Mortgage notes are an interesting real estate portfolio holding. Private notes in Phoenix are common among borrowers who might not be eligible for traditional lending channels such as banks and credit unions. Investors like the control of mortgage notes, being able to choose whether to keep the note for an extended period of time or selling it in a secondary market. Selling your Phoenix mortgage note in 4 easy steps gives you cash for the next investment.
Step 1: Define Salability
Whether or not you can sell a private mortgage note is contingent on how much of a down payment was made on the note. These private notes are riskier than traditional bank loans by the very fact that the borrowers in most cases could not qualify for normal bank loans. This means that a private note with no or very little down payment is generally not a salable note.
Generally speaking, a private mortgage note should have at least a 10 percent down payment to be eligible for resale. The other qualification factor is whether a written personal guarantee was made with the original note backed by a trust or other personal assets. This is called recourse. Buyers of mortgage notes seek a recourse clause of the note holder.
If a private note was made when a mortgage holder had a credit score below FICO 520, the reseller might need to wait for the FICO score to improve before reselling the note.
Step 2: Establish Value
Establishing the value of the mortgage note for sale starts with how much down payment was made. The higher the down payment, the more value the note has because there is less long-term risk to the note. The original note must be higher than what traditional banks are offering for similar term mortgages. The higher the yield, the more attractive the note can be to investors. On average, notes will yield anywhere from 4 to 12 percent more than traditional bank notes. Investors are also seeking to be out of the note in a shorter period of time, anywhere from five to 15 years. Each state has its own regulations about the maximum a private lender is allowed to charge for a loan.
Once you have these numbers you can start to price the note based on the assessed risk. Riskier notes might sell for only 50 cents on the dollar. Buyers will purchase the less risky mortgage note at 70 to 85 percent of the loan balance. Low credit risks considered to be A+ Pricing requires higher credit scores, strong payment history and a 20 percent down payment might warrant 86 to 97 percent for the note.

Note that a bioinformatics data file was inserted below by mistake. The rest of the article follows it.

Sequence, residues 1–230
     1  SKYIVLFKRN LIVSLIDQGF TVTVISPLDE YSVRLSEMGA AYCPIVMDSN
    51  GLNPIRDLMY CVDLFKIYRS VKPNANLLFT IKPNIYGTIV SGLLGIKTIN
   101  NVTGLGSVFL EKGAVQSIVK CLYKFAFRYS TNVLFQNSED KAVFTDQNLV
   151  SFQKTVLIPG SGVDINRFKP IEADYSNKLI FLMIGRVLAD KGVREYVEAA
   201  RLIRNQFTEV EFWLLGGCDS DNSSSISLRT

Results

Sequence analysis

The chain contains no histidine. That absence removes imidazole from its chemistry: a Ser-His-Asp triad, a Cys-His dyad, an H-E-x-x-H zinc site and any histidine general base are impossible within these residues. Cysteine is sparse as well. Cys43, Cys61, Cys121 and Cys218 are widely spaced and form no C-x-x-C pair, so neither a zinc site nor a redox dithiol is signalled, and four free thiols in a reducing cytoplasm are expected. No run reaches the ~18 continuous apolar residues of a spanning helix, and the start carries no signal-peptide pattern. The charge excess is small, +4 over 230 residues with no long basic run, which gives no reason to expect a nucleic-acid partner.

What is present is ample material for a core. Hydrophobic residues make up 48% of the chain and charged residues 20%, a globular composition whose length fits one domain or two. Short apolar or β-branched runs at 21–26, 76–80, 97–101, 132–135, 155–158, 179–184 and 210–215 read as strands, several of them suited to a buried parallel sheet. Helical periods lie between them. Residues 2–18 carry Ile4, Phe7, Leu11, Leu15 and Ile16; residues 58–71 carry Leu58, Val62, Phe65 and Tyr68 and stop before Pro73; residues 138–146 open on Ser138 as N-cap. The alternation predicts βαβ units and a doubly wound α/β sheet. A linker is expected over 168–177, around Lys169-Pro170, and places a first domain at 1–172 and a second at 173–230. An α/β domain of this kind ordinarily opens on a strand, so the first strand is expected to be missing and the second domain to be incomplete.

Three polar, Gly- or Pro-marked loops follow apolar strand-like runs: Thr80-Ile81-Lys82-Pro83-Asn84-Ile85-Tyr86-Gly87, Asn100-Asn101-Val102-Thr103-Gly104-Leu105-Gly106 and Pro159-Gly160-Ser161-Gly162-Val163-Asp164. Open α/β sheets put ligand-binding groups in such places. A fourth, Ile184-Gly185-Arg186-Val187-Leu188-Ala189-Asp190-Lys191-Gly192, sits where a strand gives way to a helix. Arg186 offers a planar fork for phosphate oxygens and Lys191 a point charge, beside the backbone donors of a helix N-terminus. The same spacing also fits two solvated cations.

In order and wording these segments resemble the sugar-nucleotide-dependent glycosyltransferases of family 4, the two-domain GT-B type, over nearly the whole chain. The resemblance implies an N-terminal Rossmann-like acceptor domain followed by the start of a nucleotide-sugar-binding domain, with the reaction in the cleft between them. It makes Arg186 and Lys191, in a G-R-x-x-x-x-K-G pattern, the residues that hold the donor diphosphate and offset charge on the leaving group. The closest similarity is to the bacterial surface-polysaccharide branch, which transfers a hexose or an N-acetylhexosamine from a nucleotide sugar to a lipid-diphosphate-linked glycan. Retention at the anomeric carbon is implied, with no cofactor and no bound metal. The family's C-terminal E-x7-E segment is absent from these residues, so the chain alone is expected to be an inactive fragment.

Higher sale prices are rare and sellers should expect to see the note sell at for a wholesale discount. Shopping the note to investors gives the best indication of pricing based on the market conditions and what investors are willing to pay for the mortgage note.
Step 3: Locate Investors
Finding investors can be tricky. Many real estate investment clubs have investors who like these types of investments where they generate cash flow without getting hit hard with taxes. Some banks will consider buying private mortgage notes but do have much higher standards due to federal regulations compared to private investors.
There are other creative ways to find private investors looking to diversify a real estate portfolio with mortgage notes. Large trusts and corporation might find the real estate backed investment attractive because it offers much higher rates than anything found in banks. If the homeowner fails to make the mortgage payments, the delinquent note goes into foreclosure and the investor claims ownership of the property.
Step 4: Complete Paperwork
Buyers will most likely want to have an appraisal made on the property to ensure the value has not flipped from an equity position to an upside-down position. Pull the title and confirm that there are no loan positions that supersede the note. In some cases, when a first position note is refinanced or sold, a second position note becomes the first. Investors will not want to be the second position to a smaller secondary mortgage.
Once all proper documents are gathered including the original note paperwork, complete an assignment. Complete the assignment paperwork, properly executing it in the presence of a notary public. Take the paperwork to the county clerk’s office to record it in public records.